Home / News / CBO: US Nuclear Weapon Programs to Cost $1.2T Through 2046

CBO: US Nuclear Weapon Programs to Cost $1.2T Through 2046

A new Congressional Budget Office report says the U.S. government will need to spend approximately $1.2 trillion in 2017 dollars to operate, sustain and modernize the country’s nuclear weapons from fiscal years 2017 through 2046.

CBO said Tuesday it estimates $772 billion in costs for the operations, sustainment and upgrades of missiles, submarines, long-range aircraft and other strategic nuclear delivery weapons and systems, while the $25 billion would be for tactical nuclear delivery platforms and weapons over 30 years.

The agency projects $445 billion in costs for nuclear production facilities and laboratories as well as command, control, communications and early-warning systems over the next three decades.

CBO noted that there are nine options that could help manage the costs of U.S. nuclear forces and generate between $27 billion and $139 million in savings over a 30-year period if implemented.

One of the options would delay modernization work on the B-21 bomber aircraft, Ground Based Strategic Deterrent program’s intercontinental ballistic missile portion and interoperable warheads while still meeting the planned force structure.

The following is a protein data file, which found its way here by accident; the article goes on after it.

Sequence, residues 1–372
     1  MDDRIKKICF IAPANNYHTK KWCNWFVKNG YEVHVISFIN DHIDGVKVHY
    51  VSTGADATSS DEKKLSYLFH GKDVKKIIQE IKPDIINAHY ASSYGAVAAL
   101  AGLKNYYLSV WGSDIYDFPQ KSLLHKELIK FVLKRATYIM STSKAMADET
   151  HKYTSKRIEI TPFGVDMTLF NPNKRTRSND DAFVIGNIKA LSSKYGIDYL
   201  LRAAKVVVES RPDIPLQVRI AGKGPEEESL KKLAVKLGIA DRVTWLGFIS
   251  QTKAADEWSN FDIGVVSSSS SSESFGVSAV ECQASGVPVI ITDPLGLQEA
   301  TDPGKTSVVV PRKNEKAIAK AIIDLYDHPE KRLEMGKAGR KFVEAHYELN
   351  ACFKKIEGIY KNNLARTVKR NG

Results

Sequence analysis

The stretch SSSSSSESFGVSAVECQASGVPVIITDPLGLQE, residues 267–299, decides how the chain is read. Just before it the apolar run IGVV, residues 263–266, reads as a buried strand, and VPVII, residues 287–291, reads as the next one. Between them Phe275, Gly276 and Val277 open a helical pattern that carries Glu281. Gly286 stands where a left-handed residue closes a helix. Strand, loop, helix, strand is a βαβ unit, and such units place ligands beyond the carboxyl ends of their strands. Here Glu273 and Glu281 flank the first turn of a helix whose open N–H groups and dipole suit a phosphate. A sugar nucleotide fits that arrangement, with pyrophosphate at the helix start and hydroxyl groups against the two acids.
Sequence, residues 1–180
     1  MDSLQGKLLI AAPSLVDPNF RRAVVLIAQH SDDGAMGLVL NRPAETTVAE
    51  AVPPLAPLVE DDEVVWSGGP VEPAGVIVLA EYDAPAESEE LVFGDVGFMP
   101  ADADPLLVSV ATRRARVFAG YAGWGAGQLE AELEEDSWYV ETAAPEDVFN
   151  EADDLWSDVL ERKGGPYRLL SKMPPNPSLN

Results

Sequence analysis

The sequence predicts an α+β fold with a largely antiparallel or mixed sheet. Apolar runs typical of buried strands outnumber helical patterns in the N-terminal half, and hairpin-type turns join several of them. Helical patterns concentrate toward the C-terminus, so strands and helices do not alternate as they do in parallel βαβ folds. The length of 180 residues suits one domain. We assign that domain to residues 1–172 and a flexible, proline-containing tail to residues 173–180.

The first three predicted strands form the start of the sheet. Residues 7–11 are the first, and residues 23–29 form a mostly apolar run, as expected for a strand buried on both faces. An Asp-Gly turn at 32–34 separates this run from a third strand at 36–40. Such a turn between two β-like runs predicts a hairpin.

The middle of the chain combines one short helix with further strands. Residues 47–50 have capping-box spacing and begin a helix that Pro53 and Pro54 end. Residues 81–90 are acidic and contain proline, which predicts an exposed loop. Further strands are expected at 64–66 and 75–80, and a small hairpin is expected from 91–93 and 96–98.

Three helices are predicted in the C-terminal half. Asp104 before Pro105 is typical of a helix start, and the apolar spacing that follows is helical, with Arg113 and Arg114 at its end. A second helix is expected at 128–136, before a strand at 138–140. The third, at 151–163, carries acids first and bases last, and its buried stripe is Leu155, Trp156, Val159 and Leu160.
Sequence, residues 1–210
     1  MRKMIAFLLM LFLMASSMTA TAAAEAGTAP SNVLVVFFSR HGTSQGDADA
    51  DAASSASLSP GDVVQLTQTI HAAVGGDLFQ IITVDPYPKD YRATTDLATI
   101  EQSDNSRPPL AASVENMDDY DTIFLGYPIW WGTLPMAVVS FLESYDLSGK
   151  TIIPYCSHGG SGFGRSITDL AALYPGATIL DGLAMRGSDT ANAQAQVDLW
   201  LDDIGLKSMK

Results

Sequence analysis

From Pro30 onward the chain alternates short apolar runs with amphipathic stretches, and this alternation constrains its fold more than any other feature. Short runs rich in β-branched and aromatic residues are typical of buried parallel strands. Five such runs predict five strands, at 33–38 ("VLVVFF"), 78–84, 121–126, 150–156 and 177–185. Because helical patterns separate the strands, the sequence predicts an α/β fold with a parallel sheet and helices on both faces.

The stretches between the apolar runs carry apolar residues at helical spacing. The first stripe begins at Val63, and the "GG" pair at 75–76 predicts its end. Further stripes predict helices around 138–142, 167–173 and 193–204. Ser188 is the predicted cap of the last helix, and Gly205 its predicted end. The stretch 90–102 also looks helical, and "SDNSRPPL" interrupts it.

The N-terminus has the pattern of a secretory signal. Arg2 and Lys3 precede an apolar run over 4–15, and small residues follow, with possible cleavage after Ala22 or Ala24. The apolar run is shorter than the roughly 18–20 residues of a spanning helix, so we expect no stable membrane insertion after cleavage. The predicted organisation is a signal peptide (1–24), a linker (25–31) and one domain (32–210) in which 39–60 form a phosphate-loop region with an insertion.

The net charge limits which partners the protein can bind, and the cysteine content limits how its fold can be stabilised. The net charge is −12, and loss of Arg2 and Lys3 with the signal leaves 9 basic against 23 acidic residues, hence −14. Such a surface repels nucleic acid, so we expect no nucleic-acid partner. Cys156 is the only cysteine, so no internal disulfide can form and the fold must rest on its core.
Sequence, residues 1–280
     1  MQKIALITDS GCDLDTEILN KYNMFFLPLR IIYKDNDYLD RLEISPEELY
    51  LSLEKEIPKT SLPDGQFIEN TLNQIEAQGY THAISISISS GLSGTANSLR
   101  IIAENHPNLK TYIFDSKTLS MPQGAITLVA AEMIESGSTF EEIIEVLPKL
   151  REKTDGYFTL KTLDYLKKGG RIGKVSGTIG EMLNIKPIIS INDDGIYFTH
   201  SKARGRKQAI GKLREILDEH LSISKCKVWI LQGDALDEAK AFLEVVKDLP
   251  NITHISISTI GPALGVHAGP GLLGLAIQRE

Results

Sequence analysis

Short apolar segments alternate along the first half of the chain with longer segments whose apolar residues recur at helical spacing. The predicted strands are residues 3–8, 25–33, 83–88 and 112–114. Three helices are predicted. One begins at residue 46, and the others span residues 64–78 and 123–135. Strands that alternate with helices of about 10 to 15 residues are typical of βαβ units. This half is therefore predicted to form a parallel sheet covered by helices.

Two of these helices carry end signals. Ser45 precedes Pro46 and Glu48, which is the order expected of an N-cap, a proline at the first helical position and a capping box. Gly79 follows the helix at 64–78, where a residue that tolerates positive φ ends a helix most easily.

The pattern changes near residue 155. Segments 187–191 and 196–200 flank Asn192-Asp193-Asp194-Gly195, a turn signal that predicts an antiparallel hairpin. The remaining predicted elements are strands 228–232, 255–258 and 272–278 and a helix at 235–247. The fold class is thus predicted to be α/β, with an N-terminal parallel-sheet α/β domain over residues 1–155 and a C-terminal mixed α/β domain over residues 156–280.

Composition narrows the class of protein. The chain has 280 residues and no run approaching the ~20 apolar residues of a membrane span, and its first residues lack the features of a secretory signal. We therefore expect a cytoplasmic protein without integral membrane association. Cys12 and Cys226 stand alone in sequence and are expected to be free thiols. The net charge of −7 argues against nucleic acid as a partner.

The report noted that five options would reduce nuclear delivery systems while maintaining the number of deployed warheads based on the 1,500-limit set by the New Strategic Arms Reduction Treaty.

The three remaining options would lower the number of nuclear delivery systems and deployed warheads below the limits established by New START, the report added.

Check Also

NBIB Continues Background Investigations Amid Government Shutdown

The National Background Investigations Bureau is still running despite the partial government shutdown's effects on the Office of Personnel Management, Nextgov reported Wednesday. The bureau continues to run on funds that customer agencies pay for investigation work. The NBIB has managed to cut a backlog of 725,000 investigations down to 600,000 between April and the end of 2018.

Leave a Reply

Your email address will not be published. Required fields are marked *